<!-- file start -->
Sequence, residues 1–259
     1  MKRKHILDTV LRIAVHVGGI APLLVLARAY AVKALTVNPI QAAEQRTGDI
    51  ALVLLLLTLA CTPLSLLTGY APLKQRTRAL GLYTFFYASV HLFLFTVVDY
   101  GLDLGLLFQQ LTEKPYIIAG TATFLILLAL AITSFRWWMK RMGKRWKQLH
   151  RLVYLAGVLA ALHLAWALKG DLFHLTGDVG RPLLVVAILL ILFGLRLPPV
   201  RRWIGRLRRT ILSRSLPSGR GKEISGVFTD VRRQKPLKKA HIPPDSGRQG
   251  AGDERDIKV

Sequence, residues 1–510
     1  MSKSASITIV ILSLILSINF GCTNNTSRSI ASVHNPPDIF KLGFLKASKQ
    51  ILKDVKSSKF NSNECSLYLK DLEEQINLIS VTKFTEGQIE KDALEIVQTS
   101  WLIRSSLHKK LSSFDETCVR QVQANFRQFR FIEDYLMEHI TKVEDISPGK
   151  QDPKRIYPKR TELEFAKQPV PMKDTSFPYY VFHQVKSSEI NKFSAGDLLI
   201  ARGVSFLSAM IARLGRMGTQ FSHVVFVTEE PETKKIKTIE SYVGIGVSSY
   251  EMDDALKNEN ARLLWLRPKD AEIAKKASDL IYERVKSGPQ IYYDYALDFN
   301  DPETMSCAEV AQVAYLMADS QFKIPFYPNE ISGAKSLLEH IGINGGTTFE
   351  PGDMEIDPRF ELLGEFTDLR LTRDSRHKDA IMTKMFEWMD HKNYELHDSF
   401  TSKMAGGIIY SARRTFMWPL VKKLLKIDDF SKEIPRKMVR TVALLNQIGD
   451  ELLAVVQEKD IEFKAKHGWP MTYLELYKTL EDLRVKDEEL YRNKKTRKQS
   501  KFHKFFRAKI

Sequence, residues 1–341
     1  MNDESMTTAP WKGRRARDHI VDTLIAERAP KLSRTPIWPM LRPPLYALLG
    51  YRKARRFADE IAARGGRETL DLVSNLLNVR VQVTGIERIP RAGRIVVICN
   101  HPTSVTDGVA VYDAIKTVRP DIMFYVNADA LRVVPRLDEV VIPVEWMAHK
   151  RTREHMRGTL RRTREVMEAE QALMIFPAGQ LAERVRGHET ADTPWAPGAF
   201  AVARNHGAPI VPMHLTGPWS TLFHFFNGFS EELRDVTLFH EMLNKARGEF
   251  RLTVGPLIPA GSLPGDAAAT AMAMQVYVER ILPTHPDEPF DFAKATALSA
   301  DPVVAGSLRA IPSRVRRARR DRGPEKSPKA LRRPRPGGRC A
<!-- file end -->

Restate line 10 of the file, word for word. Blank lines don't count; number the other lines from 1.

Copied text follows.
    51  ILKDVKSSKF NSNECSLYLK DLEEQINLIS VTKFTEGQIE KDALEIVQTS